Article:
Review of the Spire Breath & Activity Tracker
As a saxophone player in DeKalb’s very own Jazz In Progress, I welcome artistic inspiration as well as inspiration in the medical sense (drawing a breath). As someone with a chronic illness I’m grateful for the days when I can take a full, deep inhale and easily redirect a stream of air through my saxophone to bring a tune to life. Our breath both reflects and directly influences our stress level which is why nearly every stress management technique involves some advice about breathing.
There are many phone apps available to help with stress, anxiety, and various breathing techniques, but Spire is among the first wearable devices to monitor breathing (and by extension) stress. It also monitors steps and general activity, but it is not designed to perform sleep tracking functions.
You wear Spire close to the body—either on the waistband of your pants or on a bra. My spouse’s brief test of bra placement suggested that while comfort was not an issue, accuracy might be a problem. Therefore, we recommend waistband placement. I thought clipping what looks like a large pebble to the inside of my pants sounded like it could get uncomfortable, but I barely notice it. Occasionally, I’ll intentionally notice its presence to remind myself to “try to breath into the spot,” something therapists at Creative Therapeutics often suggest to loosen tension in the belly.
When synced with a smartphone, the Spire device sends notifications with a gentle buzz. One kind of notification is based on “streaks.” Spire defines a streak as a minimum of two minutes of either tension (rapid or erratic breathing), focus (steady, moderately-paced breathing), calm (slow, smooth breathing) or activity (walking etc.). You can customize these notifications, but Spire bases the default settings on user data, so they suggest sticking with the defaults initially. Spire also sends notifications called summaries that tell you how you’ve done over a day or a week.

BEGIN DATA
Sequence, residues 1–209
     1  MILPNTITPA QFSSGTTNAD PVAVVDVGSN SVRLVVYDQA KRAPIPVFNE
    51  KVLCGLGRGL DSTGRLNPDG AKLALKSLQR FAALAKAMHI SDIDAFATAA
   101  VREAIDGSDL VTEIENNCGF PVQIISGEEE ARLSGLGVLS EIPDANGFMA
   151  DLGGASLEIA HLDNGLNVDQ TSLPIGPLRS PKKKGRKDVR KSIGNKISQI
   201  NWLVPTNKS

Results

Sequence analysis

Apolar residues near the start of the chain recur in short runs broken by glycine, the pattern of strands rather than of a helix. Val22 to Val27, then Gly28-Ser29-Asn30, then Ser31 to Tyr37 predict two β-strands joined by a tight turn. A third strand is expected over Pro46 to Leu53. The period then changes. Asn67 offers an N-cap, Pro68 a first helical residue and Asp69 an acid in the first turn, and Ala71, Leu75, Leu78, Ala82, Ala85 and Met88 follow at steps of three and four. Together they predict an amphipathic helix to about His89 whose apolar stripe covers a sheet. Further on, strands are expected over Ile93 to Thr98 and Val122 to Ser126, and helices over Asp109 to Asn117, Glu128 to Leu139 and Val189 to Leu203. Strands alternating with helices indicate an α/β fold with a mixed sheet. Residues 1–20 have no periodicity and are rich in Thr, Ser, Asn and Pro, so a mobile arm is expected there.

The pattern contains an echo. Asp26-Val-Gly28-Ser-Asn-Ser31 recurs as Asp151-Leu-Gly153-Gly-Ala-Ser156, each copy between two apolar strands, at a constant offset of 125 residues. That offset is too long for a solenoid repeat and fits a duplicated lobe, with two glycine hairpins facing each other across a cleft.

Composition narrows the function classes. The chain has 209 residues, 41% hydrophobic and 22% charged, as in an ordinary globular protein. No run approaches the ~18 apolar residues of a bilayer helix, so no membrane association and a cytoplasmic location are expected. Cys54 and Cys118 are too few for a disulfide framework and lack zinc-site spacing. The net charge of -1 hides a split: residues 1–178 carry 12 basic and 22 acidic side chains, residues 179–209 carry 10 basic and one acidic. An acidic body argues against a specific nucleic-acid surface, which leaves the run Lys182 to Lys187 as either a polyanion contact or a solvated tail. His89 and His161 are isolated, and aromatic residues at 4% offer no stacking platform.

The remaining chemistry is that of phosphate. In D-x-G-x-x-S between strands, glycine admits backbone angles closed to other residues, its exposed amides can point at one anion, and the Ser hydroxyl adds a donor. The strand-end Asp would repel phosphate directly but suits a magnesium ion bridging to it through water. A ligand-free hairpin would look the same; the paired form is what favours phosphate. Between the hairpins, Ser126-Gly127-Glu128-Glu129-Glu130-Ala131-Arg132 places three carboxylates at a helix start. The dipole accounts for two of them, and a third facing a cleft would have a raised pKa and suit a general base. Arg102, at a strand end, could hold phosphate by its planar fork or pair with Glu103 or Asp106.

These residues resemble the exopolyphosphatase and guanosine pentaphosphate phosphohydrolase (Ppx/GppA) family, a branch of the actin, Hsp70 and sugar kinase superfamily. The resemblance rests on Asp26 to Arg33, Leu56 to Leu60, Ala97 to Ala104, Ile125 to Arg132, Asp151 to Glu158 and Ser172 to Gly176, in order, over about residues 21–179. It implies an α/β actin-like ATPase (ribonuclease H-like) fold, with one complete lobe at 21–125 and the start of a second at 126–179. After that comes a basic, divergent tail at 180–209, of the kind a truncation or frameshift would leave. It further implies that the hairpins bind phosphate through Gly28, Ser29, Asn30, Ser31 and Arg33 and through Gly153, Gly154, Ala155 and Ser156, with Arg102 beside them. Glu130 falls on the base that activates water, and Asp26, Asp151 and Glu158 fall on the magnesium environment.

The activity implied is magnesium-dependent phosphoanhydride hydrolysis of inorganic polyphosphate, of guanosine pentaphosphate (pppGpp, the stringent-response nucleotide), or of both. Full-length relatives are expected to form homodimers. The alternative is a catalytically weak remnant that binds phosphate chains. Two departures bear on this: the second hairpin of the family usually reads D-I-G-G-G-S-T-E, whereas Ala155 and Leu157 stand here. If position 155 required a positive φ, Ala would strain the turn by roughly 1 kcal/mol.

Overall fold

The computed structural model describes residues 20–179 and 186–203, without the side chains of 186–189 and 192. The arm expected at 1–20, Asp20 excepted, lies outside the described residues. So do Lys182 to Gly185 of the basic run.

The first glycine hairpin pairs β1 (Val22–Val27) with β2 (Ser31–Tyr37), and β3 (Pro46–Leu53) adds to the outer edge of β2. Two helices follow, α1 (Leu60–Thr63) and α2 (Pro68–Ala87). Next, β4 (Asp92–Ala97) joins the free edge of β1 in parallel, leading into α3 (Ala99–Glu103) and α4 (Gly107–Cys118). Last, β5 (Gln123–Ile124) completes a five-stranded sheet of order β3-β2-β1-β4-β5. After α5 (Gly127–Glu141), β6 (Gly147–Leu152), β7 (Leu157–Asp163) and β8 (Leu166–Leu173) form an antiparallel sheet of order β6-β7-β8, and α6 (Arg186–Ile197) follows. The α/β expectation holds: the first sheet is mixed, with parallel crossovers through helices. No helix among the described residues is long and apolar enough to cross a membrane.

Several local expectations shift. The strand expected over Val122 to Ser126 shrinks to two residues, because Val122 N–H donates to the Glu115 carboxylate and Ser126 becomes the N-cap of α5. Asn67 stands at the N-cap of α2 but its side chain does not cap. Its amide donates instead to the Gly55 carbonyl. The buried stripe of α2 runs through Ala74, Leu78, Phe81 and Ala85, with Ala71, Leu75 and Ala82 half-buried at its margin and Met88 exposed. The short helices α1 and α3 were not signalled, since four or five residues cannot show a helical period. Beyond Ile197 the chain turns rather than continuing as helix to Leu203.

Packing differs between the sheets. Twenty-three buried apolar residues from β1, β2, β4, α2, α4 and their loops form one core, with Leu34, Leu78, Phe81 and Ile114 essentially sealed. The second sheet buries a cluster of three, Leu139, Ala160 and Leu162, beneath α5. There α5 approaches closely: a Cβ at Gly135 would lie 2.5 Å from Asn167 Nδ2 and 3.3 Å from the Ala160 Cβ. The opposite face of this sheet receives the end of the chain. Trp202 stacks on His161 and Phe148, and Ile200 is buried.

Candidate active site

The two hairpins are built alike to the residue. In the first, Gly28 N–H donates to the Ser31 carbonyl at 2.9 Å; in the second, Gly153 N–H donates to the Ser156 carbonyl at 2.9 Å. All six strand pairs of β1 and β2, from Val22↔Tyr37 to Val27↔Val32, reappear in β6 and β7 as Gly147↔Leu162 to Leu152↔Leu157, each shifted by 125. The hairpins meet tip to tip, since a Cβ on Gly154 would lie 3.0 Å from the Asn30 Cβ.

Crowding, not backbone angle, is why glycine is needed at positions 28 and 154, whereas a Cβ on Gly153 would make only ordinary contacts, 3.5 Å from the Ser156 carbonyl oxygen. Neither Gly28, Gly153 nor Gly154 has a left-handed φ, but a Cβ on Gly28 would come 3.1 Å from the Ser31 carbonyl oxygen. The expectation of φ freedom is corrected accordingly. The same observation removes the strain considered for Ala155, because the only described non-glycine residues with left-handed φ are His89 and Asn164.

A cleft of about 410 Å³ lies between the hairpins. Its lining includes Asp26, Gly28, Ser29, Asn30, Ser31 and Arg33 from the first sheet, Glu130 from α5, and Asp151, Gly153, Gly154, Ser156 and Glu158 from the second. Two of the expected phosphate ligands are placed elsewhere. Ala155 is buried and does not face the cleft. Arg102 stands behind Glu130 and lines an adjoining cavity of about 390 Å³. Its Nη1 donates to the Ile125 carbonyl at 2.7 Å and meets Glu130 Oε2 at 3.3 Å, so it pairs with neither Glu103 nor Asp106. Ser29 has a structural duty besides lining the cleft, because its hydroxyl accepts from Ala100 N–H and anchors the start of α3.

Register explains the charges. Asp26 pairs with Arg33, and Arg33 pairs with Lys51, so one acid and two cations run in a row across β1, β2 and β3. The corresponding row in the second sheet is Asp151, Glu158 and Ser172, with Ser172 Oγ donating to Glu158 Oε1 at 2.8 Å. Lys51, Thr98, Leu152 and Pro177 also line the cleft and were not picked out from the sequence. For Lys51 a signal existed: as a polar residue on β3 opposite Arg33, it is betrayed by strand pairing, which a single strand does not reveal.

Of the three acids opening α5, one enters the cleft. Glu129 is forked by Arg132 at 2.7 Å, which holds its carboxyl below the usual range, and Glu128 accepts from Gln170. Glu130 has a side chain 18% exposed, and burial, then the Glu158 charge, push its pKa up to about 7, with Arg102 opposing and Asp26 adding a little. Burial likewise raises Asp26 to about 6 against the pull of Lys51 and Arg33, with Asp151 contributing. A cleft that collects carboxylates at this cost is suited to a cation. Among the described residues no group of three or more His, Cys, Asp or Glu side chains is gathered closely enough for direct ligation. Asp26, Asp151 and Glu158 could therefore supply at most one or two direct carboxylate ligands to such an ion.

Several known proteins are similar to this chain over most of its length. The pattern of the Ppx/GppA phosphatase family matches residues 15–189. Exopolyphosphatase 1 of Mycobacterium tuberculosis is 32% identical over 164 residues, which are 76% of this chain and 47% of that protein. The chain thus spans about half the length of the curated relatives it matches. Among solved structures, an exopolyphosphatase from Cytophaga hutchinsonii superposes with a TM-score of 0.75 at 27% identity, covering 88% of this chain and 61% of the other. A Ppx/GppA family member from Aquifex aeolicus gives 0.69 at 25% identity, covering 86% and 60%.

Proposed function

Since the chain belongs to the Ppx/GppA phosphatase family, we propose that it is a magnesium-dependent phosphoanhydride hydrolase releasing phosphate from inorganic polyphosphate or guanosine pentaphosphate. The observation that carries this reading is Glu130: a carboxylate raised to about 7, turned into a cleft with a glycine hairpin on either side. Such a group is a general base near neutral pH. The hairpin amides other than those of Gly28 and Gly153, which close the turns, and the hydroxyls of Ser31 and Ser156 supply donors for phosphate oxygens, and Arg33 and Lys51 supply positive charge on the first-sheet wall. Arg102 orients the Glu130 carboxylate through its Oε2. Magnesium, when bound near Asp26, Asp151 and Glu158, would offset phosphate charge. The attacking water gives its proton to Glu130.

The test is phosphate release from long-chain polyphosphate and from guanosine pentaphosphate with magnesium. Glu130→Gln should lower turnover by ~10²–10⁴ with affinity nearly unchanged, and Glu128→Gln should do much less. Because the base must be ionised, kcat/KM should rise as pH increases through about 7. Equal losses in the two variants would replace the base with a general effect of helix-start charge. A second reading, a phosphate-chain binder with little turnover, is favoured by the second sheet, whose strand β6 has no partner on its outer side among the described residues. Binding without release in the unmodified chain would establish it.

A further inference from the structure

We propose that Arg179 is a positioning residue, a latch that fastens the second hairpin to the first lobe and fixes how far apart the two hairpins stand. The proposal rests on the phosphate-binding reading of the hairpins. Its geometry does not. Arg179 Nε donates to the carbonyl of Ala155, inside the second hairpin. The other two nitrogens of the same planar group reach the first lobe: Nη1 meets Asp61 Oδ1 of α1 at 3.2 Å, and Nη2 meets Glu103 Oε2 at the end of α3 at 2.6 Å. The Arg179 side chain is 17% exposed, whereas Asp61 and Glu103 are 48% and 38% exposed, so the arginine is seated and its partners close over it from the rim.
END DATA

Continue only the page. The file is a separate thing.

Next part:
A notification can tell you, for example, that you had a 15-minute calm streak to help you be more aware of what experiences or activities induce calm. Likewise, a notification might tell you that you had a few minutes of tension or focus to help bring your awareness to situations that lead to those states as they are happening.
In addition to bringing your awareness to these states in real time, Spire provides “boosts” empowering you to develop breathing skills, focus, calm and mindfulness. The boosts are basically guided meditations ranging from 30 seconds to over 15 minutes. Some of the boosts are multifaceted provided by Dr. Deepak Chopra or the nuns of Tich Nhat Hanh’s Plum Village Monastery. As of this writing there are about 14 boosts and packs of boosts. Spire promises to add more in the future.
Within minutes of trying my first boost, using their cues in conjunction with viewing my breath wave enabled me to make some immediate progress. That first meditation began the way many stress management meditations do—by encouraging you to take longer inhales and longer exhales. But it was what the meditation said next that really had an immediate impact—it suggested that instead of forcing it, just think about changing the timing of your breath by allowing your inhales to enter slowly and deeply.
Over the next few weeks, I found these real time notifications particularly helpful for keeping stress levels in check. Recently, the Spire buzzed while I grappled with writing a diplomatic response to a challenging work-related email. I grabbed my phone, assuming Spire was going to tell me that I am tense. Instead, it indicated that I haven’t taken a deep breath in several minutes and asked if I’d like to do a 30-second boost. Then I realized that I was essentially holding my breath as I was formulating my response. Catching this behavior in the act most likely prevented unnecessary tension in the moment.
While this product certainly hasn’t cured my irritable bowel syndrome, I believe it may be helping me cope with some of the symptoms. Catching moments of tension and periods where I haven’t taken a deep breath may very well prevent symptoms from getting worse than they need to be.
The wireless charger is elegant and incredibly convenient. It includes an additional port to allow you to charge your phone through it simultaneously. That feature, however, seemed to work inconsistently with my iPhone 6 for some reason. This certainly shouldn’t be a deal-breaker.
I initially ordered a similar device (http://prana.co), but manufacturing issues have slowed its release. The forthcoming Prana device offers posture monitoring, as well. If and when I receive the Prana, I will offer another review comparing the features and functionality of the two devices. In the meantime, I will enjoy the benefits of Spire.
The great alto sax player Charlie Parker sums it up best: “If you don’t live it, it won’t come out of your horn.” In my case, that is true in a very literal sense. Monitoring instances of tension, focus and calm while recognizing patterns and taking actionable steps (boosts) changes how I live and ultimately what comes out of my horn.
Guest writer Steve Estes is the Director of Academic Advising in the College of Liberal Arts & Sciences at NIU. He has advised students at NIU for over 20 years. He enjoys music, photography, the outdoors and Total Gym classes at Creative Therapeutics.